Bravely Default: Flying Fairy feels like a classic Final Fantasy game. It has Final Fantasy III’s job system, a clever twist on turn based battles, and an art style that’s reminiscent of Final Fantasy: The 4 Heroes of Light. It must have been designed as a nostalgic JRPG all along, right? Nope!
“In the beginning, Bravely Default was an action RPG. We switched to a traditional JRPG style by selecting commands and without action,” Takehiro Terada, president of Silicon Studio explained to Siliconera.
Silicon Studio developed Bravely Default: Flying Fairy for Square Enix and also made 3D Dot Game Heroes. I asked Terada why they switched game designs, especially since Silicon Studio has developed an action RPG before.
“We did a prototype that was up and running,” Terada replied. “We played it and discussed with the producer if it was fun or not, and we decided to make a traditional JRPG.”
One of Bravely Default: Flying Fairy’s unique features is its augmented reality cutscenes. In Japan, Square Enix released multiple demos and each one had an AR movie accompanying it. Compared to other uses of AR, the movies in Bravely Default are impressive. Characters act out a scene by walking around your room and even fall through your floor.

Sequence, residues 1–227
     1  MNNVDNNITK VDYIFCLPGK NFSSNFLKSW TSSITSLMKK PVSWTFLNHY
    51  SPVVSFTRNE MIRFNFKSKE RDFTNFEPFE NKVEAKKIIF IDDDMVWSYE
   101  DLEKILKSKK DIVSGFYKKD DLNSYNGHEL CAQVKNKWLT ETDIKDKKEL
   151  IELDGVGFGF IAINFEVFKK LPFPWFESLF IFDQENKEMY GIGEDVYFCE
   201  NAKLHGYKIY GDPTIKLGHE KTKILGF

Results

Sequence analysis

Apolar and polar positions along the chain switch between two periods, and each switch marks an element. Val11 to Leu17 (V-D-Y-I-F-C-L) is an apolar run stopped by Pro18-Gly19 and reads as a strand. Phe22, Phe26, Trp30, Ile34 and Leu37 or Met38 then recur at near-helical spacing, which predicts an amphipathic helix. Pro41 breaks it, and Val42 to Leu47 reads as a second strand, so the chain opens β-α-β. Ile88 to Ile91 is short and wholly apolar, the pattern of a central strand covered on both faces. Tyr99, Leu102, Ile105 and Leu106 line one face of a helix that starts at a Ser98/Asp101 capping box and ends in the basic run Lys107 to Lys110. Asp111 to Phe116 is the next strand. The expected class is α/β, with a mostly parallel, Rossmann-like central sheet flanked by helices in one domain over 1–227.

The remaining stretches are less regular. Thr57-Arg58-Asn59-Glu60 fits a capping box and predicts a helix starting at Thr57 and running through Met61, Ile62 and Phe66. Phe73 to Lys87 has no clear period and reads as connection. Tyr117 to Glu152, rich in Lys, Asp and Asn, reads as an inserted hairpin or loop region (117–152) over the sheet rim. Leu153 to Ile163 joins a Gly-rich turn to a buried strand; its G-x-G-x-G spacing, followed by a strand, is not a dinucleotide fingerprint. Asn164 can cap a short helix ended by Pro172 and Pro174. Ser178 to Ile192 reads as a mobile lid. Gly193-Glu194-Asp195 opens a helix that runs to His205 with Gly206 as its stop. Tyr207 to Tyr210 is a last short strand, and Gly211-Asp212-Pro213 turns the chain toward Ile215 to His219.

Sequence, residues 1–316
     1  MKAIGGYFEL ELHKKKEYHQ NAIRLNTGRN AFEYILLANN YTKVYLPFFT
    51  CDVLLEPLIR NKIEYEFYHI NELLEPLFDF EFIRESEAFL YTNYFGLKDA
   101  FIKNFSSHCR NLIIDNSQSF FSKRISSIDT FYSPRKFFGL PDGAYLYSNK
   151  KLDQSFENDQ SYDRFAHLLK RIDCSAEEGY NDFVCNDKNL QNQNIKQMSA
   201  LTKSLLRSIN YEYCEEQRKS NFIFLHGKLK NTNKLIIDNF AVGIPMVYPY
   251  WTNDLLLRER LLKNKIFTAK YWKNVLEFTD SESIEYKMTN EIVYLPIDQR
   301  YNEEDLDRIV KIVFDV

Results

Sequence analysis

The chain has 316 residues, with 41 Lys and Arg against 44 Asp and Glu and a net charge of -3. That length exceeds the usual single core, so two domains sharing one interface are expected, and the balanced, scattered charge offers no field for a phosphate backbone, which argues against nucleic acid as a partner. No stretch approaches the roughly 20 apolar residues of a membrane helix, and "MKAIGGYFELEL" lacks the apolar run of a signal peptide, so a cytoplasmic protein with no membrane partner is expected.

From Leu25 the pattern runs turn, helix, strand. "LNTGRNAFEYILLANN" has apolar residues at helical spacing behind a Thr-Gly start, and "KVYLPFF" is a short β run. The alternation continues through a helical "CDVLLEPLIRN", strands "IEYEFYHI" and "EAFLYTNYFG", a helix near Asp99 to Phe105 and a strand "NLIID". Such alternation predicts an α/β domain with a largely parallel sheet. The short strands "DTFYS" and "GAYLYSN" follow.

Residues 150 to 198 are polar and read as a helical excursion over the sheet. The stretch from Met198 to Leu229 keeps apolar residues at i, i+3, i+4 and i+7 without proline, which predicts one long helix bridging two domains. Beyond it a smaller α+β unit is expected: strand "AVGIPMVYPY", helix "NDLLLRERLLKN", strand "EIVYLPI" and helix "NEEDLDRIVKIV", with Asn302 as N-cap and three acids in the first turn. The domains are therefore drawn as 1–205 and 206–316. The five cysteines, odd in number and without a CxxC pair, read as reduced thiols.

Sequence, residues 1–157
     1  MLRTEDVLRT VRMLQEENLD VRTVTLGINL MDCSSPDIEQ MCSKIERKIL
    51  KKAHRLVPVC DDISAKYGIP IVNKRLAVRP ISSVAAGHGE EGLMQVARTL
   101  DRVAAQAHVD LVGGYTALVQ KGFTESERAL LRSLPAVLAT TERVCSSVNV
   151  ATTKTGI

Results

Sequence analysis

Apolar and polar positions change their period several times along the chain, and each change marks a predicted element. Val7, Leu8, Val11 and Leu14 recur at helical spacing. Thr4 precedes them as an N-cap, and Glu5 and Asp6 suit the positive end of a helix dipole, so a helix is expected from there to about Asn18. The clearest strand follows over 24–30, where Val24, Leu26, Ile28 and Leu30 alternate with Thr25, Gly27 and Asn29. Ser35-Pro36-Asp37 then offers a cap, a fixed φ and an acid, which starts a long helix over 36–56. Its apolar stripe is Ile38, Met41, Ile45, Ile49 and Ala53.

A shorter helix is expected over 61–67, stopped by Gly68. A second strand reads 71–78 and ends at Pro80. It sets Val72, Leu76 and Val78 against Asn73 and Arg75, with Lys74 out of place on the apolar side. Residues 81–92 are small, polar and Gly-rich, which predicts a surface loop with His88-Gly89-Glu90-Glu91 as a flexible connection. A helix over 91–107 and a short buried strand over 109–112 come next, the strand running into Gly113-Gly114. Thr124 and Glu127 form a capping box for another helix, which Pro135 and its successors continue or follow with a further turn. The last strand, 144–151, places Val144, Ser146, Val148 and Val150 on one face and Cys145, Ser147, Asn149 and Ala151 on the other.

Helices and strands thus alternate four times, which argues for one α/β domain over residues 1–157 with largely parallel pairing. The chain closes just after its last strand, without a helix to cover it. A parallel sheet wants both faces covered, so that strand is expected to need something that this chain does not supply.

“The AR is from the Nintendo SDK, but the implementation was done by us,” Terada explained. “Everything is possible with the SDK alone, but probably other developers haven’t had a chance to dig into it.”
“When we spoke awhile ago you said 3D Dot Game Heroes was developed to market Silicon Studio’s middleware. Is Bravely Default showing any new tech?” I asked. Ian Graham, Principle Engineer at Silicon Studio, replied: “I’d say it’s less of a tools show horse and more a pure game development powerhouse.”
So, how did Silicon Studio get started with Bravely Default?
“Square Enix is a shareholder, so we have had a relationship with them from the beginning. We had a connection with the producer so we started talking. They were planning to pick another company for development, but after discussion they selected us,” Terada explained.
While Silicon Studio is primarily a middleware company, they do plan to develop more games in the future, too. Meanwhile, Square Enix have been gearing up for a sequel to Bravely Default in Japan.
Bravely Default will be published in North America and Europe by Nintendo. Europe will get the game sometime this year, while North America will see it in 2014.